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Motor skill learning may involve training a neural system to automatically perform sequences of movements, with the training signals provided by a different system, used mainly during training to perform the movements, that operates under visual sensory guidance. We use a dynamical systems perspective to show how complex motor sequences could be learned by the automatic system. The network uses a continuous attractor network architecture to perform path integration on an efference copy of the motor signal to keep track of the current state, and selection of which motor cells to activate by a movement selector input where the selection depends on the current state being represented in the continuous attractor network. After training, the correct motor sequence may be selected automatically by a single movement selection signal. A feature of the model presented is the use of 'trace' learning rules which incorporate a form of temporal average of recent cell activity. This form of temporal learning underlies the ability of the networks to learn temporal sequences of behaviour. We show that the continuous attractor network models developed here are able to demonstrate the key features of motor function. That is, (i) the movement can occur at arbitrary speeds; (ii) the movement can occur with arbitrary force; (iii) the agent spends the same relative proportions of its time in each part of the motor sequence; (iv) the agent applies the same relative force in each part of the motor sequence; and (v) the actions always occur in the same sequence.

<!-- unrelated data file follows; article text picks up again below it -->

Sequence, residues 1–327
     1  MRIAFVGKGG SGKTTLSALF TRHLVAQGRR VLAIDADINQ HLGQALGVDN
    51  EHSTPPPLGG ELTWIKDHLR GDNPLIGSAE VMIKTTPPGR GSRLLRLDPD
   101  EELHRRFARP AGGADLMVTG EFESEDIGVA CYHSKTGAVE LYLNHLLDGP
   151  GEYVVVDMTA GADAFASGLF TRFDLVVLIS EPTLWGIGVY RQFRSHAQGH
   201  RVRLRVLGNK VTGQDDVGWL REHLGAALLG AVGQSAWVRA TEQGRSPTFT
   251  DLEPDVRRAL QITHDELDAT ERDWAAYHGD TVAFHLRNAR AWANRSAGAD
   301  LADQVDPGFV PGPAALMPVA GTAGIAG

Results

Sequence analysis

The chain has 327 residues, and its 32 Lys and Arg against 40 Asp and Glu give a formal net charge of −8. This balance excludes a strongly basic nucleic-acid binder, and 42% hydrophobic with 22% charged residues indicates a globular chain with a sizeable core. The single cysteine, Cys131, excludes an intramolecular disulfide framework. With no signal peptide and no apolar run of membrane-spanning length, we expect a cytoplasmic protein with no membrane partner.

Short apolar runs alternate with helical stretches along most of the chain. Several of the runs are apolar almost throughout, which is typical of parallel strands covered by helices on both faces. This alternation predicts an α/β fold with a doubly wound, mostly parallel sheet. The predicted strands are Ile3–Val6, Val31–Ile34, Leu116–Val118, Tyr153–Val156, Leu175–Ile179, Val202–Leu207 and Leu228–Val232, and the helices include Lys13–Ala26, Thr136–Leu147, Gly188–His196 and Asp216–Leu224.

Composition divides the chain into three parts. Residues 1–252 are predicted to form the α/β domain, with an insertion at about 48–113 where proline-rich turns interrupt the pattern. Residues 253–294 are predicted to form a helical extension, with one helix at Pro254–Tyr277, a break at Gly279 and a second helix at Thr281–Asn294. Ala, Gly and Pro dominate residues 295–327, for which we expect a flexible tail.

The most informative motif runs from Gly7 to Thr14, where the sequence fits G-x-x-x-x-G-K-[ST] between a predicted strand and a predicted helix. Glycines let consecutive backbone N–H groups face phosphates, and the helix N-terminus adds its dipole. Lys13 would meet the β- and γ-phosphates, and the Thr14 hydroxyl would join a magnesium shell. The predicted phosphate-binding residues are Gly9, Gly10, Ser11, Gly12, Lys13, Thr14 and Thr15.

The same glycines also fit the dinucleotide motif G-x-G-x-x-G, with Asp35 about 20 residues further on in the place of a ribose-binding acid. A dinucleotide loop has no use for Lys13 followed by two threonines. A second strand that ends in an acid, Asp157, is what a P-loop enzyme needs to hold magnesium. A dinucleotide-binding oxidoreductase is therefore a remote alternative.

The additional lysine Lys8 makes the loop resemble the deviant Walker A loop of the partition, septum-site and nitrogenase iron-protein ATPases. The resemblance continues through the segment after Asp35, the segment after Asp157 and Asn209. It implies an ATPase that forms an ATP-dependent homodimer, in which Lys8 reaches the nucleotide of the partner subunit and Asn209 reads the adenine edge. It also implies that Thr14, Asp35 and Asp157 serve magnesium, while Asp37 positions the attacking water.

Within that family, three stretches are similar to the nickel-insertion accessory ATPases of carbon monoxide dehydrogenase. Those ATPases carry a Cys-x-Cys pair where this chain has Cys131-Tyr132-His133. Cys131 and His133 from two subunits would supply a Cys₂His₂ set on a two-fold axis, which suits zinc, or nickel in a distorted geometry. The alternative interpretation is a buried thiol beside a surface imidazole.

Original publication




Journal article


Neural Netw

Publication Date





161 - 182


Excitatory Postsynaptic Potentials, Motor Skills, Neural Networks (Computer)